Agriculture, ethanol industry welcome certainty of final rule, but say required volume is too low.
After years of delays, EPA on Monday finally released the renewable fuel standards for 2014, 2015, and most importantly, 2016.
The rule calls for a total of 18.11 billion gallons of renewable fuel in 2016, with targeted growth expected in categories such as:
- cellulosic biofuel (230 million gallons in 2016).
- biomass-based diesel (1.9 billion gallons in 2016 and 2 billion gallons in 2017).
- advanced biofuel (3.16 billion gallons in 2016).
The remainder of the total renewable fuel volume is expected to come from corn-based ethanol, with an implied requirement of 14.5 billion gallons in 2016.
While that represents growth over 2015, that amount still fell short of expectations for those hoping for more aggressive renewable targets while still being higher than what others wanted to see.
As everyone from ethanol producers to the oil industry anticipated the 2016 rule, “there were a wide range of expectations of what this could end up being,” said Scott H. Irwin, a professor of agricultural marketing at the University of Illinois.
(Irwin, who is @ScottIrwinUI on Twitter, will host an #askACES Twitter chat about these new standards on Tuesday, Dec. 1 at 8 a.m. Central. Click here for more information.)
But perhaps all those expectations were not as realistic as they could have been. “I think the EPA telegraphed their pass,” Irwin said. “But from the perspective of an RFS bear in the oil industry, this was a big shock.”
While EPA did raise renewable fuel requirements in this final rule, compared to its proposal earlier this year, the total gallons required is still fewer than Congress's original 2007 goal of more than 22 billion gallons of renewable fuel by 2016.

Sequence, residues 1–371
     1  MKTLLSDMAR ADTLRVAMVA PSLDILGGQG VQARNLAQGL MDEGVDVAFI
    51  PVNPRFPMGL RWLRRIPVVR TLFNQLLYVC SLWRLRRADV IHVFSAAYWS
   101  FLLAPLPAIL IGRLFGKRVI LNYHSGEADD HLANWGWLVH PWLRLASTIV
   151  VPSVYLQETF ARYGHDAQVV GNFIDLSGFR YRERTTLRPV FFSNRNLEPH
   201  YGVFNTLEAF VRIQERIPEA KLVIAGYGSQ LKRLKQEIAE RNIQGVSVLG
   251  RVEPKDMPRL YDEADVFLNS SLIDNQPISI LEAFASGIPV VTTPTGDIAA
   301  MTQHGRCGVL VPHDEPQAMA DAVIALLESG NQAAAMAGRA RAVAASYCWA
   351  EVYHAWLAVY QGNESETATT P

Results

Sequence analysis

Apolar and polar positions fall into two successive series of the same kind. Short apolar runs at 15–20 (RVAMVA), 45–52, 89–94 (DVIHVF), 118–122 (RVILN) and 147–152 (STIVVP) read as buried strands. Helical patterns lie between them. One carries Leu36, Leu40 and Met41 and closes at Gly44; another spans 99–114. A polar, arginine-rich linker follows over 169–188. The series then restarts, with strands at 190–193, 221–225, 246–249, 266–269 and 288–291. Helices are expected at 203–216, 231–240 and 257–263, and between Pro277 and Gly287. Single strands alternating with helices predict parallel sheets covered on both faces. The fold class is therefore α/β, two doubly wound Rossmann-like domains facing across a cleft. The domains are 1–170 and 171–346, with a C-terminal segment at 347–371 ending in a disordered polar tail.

Not Enough Ethanol?
That frustrated corn growers and ethanol producers after the announcement.
“In July, we asked the Environmental Protection Agency to restore the 2014-16 corn ethanol renewable volume obligation to comply with the Renewable Fuel Standard as passed by Congress and signed into law,” Maryland farmer Chip Bowling, president of the National Corn Growers Association, noted in a statement. “While we are pleased to see the EPA take a step forward and revise its original proposal, the fact remains that any reduction in the statutory amount will have a negative impact on our economy, our energy security, and the environment. It is unfortunate that Big Oil’s campaign of misinformation continues to carry weight in the court of public opinion, and in this decision.”
Iowa Renewable Fuels Association Executive Director Monte Shaw agreed. “Today’s announcement by the EPA was a gut punch for consumers and farmers,” he said in a statement. “Given EPA’s stated rationale for these numbers, one of the most successful energy policies in our nation’s history has been put squarely in the stranglehold of the petroleum industry. As a result, consumers will see higher prices at the pump, and Iowa farmers will likely continue to see commodity prices below the cost of production.”
Others see larger forces at play. With crude oil at $41 per barrel, there’s far less financial pressure driving the development of and demand for ethanol. “It’s economics,” said Peter Meyer, senior director, agricultural commodities, at PIRA Energy Group in New York.
New Fuels, New Markets
Another factor involved is the reality of developing new markets and the time that takes.
“Despite significant increases in renewable fuel use in the United States, real world constraints, such as the slower than expected development of the cellulosic biofuel industry and constraints in the marketplace needed to supply certain biofuels to consumers, have made the timeline laid out by Congress impossible to achieve,” EPA said in its document outlining the final rule.
The University of Illinois professor made a similar comment in his conversation with AgWeb.
Comparing current cellulosic fuel targets to the 2007 goals is “not a relevant comparison,” Irwin said, offering the example of cellulosic biofuel, which had a target of 4.25 billion gallons in the original RFS mandate. “We can’t do that because it’s not produced at that level,” Irwin said.
According to Monday’s release, EPA’s target for cellulosic biofuel is 230 million gallons in 2016, which is still a big jump up from 2015’s 123 million gallons.